Submitted to: Agronomy Abstracts
Publication Type: Abstract Only
Publication Acceptance Date: 11/6/2005
Publication Date: 11/6/2005
Citation: Wuest, S.B. 2005. Mechanisms allowing increased water infiltration capacity with reduced tillage in a semi-arid loess soil. Abstracts: 2005 International Annual Meetings, American Society of Agronomy, Crop Science Society of America, and Soil Science Society of America. Madison, WI.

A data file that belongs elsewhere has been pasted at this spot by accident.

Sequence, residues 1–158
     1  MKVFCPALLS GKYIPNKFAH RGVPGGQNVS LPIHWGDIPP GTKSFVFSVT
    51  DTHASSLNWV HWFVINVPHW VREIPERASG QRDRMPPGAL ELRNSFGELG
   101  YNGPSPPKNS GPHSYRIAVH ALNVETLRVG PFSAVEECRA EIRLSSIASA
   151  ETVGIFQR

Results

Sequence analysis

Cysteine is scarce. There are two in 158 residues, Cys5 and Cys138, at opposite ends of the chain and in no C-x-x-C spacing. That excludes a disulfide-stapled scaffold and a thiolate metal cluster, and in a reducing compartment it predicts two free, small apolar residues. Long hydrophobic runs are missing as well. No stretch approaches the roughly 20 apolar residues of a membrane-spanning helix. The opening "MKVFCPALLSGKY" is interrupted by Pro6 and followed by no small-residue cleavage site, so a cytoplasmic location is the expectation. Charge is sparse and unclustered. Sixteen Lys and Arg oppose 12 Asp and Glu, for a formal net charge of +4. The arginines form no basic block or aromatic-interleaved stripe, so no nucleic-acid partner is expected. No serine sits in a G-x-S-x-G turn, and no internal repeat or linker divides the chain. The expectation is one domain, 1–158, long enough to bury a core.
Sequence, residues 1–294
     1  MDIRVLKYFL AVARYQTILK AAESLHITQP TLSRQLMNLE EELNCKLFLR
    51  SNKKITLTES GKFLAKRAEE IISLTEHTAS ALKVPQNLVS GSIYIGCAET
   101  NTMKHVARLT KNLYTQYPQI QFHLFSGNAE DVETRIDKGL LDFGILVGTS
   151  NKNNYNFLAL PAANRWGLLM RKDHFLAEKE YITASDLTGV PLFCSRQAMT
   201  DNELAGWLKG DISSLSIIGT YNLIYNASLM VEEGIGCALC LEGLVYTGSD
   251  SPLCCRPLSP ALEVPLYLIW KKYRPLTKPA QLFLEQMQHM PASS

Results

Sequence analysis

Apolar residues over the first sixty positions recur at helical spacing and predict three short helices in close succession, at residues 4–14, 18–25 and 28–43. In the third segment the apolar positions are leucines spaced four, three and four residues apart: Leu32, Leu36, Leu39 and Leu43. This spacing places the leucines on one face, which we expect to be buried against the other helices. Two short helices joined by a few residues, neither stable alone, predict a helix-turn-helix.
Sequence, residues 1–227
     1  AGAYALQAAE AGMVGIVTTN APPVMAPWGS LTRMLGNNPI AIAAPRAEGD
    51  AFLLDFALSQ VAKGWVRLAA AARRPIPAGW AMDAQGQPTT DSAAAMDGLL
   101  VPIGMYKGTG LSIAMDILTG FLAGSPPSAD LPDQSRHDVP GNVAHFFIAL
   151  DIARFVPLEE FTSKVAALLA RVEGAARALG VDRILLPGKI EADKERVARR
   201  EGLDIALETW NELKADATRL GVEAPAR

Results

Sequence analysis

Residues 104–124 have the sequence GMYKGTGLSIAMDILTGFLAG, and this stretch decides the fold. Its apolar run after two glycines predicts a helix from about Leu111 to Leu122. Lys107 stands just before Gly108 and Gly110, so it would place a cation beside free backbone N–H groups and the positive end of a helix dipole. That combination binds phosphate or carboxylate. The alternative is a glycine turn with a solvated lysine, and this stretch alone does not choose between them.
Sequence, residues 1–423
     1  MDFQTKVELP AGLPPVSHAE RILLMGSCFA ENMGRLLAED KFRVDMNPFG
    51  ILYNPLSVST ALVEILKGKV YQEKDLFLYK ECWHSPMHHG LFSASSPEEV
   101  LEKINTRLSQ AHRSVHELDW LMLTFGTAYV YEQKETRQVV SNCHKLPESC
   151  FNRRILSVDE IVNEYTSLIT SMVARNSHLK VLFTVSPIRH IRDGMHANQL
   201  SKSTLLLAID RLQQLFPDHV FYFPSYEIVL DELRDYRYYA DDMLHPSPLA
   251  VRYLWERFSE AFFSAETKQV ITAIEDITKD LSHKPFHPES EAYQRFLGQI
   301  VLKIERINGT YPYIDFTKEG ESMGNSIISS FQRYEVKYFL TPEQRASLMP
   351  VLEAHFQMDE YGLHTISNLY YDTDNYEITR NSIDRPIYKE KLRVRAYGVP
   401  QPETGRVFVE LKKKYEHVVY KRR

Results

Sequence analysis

Technical Abstract: Reduction in tillage and especially no-till practices have been correlated with reductions in runoff and increased water infiltration. The mechanisms allowing increased infiltration rates have not been specifically identified. We conducted a series of investigations to determine the relative roles of carbon stratification, aggregate stability, macropores, and depth of tillage on ponded infiltration rates. Dye tracing techniques clearly indicated that, while the rate of water flow is highly heterogeneous through the soil matrix, flow through earthworm-size macropores did not make a significant contribution to infiltration. Water-stable aggregation did correlate to ponded infiltration rates and to surface runoff rates under field conditions. Soil under wheat stubble always had greater infiltration capacity than the preceding young crop. Surface residue, independent of tillage, did improve ponded infiltration. Our conclusions are that organic carbon concentration near the soil surface plays a major role in reducing surface sealing, and minimal soil disturbance at deeper depths allows preservation of high velocity flow paths. This might explain why very weakly aggregated soils under low residue production sometimes demonstrate little improvement under no-till.